It’s heartening to know that there are dedicated researchers out there exploring new ways to fight cancer. According to the latest reports, they’re looking into some innovative methods that involve targeting fungal infections.
It seems that there’s strong evidence linking these types of infections to cancer development, particularly in people with weakened immune systems like those living with AIDS. A recent study published in the Advanced Pharmaceutical Bulletin (APB) sheds more light on this important topic.
There’s a connection between cancer and fungal infections
It is alarming to know that in 2018, 18.1 million people around the world were diagnosed with cancer, and 9.5 million lost their battle against it. Unfortunately, experts predict that these numbers will increase to 29.5 million new cases and 16.4 million deaths by 2040.
There are ongoing efforts to reduce these rates, with some scientists studying the various risk factors that contribute to the development of cancer.
Research shows that cancer has many risk factors such as microbial infection, obesity, diet, sex and nationality, lifestyle, smoking, alcohol consumption, and exposure to environmental pollutants. In fact, a study published in Microbial Pathogenesis in 2020 suggests that microbial infections are responsible for around 20 percent of all cancers, and some of these infections may even be caused by fungi.
The APB study states that the most common fungi species involved in cancer include the following:
How can fungus increase cancer risks?
According to the APB study, fungal infections can produce chemicals that have been linked to cancer. These chemicals include acetaldehyde, which can damage DNA and hinder the body’s ability to repair that damage. The risk of cancer increases with greater exposure to acetaldehyde.
Mycotoxins are another type of chemical produced by fungi that can have adverse health effects, including changes to chromosomes and an increased risk of cancer.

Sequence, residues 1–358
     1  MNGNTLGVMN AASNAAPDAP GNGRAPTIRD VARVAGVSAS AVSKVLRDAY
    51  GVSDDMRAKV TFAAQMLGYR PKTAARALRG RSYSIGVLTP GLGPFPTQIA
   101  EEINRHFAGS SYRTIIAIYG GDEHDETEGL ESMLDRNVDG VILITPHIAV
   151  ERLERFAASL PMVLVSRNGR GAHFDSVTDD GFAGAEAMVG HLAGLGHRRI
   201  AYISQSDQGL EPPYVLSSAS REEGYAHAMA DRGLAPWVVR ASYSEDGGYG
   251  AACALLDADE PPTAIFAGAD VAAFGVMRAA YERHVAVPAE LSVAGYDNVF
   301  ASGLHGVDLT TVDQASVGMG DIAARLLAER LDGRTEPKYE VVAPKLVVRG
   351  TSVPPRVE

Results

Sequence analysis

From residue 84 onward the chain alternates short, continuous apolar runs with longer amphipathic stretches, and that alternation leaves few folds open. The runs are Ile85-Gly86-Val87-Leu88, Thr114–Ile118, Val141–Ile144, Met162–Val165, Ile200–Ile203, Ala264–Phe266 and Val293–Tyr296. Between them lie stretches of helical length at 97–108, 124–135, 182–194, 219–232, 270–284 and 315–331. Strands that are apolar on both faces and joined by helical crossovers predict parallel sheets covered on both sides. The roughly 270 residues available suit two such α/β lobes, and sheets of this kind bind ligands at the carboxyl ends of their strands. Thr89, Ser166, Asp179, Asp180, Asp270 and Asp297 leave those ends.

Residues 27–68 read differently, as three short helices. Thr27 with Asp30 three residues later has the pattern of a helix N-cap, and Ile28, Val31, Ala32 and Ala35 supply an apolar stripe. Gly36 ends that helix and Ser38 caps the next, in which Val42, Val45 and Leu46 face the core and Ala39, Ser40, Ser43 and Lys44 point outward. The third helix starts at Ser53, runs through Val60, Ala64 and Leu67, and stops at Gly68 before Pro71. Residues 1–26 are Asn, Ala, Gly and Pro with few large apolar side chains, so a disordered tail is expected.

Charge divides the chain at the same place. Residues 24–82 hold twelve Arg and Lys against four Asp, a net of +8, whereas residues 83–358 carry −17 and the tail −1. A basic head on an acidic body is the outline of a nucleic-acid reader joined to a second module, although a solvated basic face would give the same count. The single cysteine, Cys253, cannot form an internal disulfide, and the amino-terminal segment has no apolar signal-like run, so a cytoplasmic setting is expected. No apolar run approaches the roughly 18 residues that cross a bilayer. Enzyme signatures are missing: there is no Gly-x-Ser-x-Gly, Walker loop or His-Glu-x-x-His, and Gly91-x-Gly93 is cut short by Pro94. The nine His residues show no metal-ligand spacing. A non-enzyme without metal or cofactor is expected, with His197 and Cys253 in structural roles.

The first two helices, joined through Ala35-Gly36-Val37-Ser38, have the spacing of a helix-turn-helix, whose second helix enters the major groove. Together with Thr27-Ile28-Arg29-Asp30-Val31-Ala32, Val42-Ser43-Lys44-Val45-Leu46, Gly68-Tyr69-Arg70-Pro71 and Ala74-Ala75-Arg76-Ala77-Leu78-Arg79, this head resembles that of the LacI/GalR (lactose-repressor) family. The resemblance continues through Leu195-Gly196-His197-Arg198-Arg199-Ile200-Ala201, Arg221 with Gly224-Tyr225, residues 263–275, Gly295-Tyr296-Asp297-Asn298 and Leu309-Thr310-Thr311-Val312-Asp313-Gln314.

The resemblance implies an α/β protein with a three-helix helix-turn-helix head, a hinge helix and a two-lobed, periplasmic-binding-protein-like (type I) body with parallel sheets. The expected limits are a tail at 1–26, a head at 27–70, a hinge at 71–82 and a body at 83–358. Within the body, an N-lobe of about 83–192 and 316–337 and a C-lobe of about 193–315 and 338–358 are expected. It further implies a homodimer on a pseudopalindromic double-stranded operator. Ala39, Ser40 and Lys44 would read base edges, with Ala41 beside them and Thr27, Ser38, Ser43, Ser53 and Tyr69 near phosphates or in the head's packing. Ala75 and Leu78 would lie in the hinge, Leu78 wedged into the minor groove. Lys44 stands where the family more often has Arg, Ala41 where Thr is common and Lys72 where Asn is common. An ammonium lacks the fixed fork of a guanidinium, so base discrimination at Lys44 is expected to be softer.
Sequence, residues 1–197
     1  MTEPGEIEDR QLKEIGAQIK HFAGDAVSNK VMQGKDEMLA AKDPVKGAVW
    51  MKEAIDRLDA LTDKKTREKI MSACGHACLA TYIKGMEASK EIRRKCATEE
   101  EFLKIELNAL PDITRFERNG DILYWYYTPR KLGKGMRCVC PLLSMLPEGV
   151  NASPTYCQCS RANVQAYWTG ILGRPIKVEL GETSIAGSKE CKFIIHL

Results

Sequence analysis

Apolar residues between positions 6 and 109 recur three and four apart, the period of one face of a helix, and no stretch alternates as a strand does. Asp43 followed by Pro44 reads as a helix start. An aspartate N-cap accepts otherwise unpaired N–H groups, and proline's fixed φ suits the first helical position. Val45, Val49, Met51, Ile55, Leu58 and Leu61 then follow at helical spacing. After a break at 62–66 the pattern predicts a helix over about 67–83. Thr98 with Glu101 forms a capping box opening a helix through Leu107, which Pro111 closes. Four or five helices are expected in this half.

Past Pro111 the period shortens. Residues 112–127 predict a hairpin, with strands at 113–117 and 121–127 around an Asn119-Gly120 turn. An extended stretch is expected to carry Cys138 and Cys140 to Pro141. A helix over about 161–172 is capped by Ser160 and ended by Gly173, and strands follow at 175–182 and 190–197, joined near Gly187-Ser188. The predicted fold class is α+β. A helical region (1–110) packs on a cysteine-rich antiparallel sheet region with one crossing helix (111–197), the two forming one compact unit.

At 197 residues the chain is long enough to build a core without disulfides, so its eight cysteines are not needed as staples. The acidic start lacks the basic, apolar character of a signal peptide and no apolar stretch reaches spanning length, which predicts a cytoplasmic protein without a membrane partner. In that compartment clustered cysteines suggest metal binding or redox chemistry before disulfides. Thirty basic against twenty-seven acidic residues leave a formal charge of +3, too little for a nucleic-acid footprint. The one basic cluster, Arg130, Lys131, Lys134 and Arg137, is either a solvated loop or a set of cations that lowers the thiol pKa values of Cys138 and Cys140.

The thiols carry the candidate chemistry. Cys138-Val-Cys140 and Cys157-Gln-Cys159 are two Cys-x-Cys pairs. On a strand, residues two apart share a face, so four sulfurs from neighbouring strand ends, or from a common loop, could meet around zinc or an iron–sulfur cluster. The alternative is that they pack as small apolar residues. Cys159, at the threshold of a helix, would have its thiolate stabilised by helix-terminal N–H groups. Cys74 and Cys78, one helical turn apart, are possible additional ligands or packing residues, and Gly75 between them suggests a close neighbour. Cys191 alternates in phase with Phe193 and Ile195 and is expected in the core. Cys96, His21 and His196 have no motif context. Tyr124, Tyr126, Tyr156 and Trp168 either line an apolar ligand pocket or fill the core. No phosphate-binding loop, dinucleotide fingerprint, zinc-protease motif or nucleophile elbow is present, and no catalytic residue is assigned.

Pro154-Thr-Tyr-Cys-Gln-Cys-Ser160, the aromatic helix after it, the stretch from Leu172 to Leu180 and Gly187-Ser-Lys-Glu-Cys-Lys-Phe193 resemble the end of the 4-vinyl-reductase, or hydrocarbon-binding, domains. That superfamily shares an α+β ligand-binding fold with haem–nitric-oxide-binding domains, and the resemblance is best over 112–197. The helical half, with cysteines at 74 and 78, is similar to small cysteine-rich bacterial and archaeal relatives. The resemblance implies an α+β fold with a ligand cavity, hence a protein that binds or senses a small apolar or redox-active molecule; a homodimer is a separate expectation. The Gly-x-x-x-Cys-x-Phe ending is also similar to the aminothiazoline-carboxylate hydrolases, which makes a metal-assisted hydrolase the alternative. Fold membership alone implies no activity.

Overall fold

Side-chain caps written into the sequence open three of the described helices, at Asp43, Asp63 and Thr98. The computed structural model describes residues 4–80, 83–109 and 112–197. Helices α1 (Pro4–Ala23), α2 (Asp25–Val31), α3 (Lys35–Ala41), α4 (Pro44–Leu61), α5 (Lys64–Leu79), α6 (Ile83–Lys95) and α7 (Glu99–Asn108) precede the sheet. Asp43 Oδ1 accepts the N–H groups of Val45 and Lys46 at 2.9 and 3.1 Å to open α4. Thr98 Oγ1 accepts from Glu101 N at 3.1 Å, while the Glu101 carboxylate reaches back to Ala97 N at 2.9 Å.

Additionally, nitrosamines are chemicals that can damage DNA and lead to tumor growth, while proinflammatory cytokines indicate inflammation and can contribute to cancer development in various ways.
Fungal infections can affect anyone, but people with weakened immune systems are more susceptible. Certain factors, such as weakened immunity, can make it harder for the body to fight off a fungal infection.
Individuals with a CD4 count of less than 200, particularly those with HIV or AIDS, are more susceptible to fungal infections. Additionally, immunosuppressive drugs taken to prevent organ rejection after stem cells or organ transplants can make it harder to fight off fungal infections.
In hospitals and skilled nursing facilities, the use of medical devices like ventilators and catheters can create an opportunity for fungi to enter the body. Candida auris is a common infection that spreads easily among people in these healthcare settings.
It can be transmitted through contact with contaminated equipment, surfaces, or infected individuals.
As individuals age, their immune system can weaken, making it more challenging to fight off fungal infections. This can be particularly true for older adults who take oral or inhaled corticosteroids to manage conditions such as asthma, allergies, arthritis, and autoimmune diseases.
The immune response can also be weakened by the use of anti-inflammatory drugs like TNF inhibitors, radiation therapy, and chemotherapy, which are commonly used to treat autoimmune diseases.